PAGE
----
While “phishing” is a well-known cyber security threat, officials at Canada’s Northwest Atlantic Fisheries Organization (NAFO) were caught in a more costly net when the group’s servers were hit with a ransomware attack. The group’s website and web-based data sharing program – essential for an upcoming annual meeting – went down under the attack and have yet to be restored. 

Previously, a consultant recommended that NAFO consider implementing a “security information and event monitoring system that would either prevent, detect or warn of the presence of installed software.” But that advice was ignored. Now NAFO must decide if they will pay the ransomware demand (an undisclosed amount) or attempt to restore their systems in other ways.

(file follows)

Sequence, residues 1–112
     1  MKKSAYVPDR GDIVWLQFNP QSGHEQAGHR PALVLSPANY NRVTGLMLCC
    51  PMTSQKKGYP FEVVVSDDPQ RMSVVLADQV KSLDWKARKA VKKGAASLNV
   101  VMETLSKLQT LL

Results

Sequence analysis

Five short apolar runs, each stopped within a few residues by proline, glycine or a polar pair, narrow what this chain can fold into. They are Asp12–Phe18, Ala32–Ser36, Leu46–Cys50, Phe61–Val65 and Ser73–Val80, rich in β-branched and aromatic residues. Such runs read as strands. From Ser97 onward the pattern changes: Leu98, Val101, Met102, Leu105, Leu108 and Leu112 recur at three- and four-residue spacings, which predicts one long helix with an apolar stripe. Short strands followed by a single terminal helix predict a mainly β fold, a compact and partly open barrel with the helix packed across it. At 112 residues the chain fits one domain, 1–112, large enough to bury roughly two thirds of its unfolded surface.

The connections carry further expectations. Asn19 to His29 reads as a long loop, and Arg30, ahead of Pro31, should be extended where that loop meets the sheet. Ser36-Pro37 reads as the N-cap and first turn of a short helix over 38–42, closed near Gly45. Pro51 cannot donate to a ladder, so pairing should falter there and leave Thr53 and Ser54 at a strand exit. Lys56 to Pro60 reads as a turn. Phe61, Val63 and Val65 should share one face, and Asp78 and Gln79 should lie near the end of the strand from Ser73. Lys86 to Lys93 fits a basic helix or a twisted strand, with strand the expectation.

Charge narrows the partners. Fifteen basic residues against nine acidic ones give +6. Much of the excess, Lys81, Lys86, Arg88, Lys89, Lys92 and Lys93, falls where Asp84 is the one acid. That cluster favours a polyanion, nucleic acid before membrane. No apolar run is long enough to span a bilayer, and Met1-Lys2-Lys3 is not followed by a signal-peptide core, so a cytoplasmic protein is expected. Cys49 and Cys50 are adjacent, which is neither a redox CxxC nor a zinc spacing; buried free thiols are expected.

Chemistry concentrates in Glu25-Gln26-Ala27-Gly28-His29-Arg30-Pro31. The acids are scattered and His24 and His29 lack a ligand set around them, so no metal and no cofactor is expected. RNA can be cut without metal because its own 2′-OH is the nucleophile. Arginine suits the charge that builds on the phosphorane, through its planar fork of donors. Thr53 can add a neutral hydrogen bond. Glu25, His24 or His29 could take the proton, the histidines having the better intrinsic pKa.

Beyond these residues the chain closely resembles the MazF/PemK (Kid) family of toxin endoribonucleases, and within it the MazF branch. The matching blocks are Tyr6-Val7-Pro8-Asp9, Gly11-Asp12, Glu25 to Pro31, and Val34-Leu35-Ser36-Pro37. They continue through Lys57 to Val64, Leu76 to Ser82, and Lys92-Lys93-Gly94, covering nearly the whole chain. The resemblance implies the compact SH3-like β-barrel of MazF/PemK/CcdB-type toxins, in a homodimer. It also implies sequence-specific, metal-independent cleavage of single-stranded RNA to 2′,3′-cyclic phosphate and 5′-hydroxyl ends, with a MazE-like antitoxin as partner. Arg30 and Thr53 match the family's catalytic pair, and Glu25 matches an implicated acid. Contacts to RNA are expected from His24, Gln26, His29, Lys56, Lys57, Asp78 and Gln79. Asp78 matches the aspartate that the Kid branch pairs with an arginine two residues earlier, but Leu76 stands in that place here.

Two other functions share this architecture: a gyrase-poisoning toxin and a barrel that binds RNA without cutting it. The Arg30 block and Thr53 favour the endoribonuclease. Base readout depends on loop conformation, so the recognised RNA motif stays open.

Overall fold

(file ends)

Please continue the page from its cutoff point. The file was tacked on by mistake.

Ransomware attacks, which are typically made through the Dark Web, are devastating for small businesses, which often lack the preparation or resources of larger corporations to restore operations. In an already-challenging business environment, ensuring that your digital environment is prepared to defend against these attacks should be a top priority. As NAFO learned the hard way, failing to repair small vulnerabilities can have outsized consequences.

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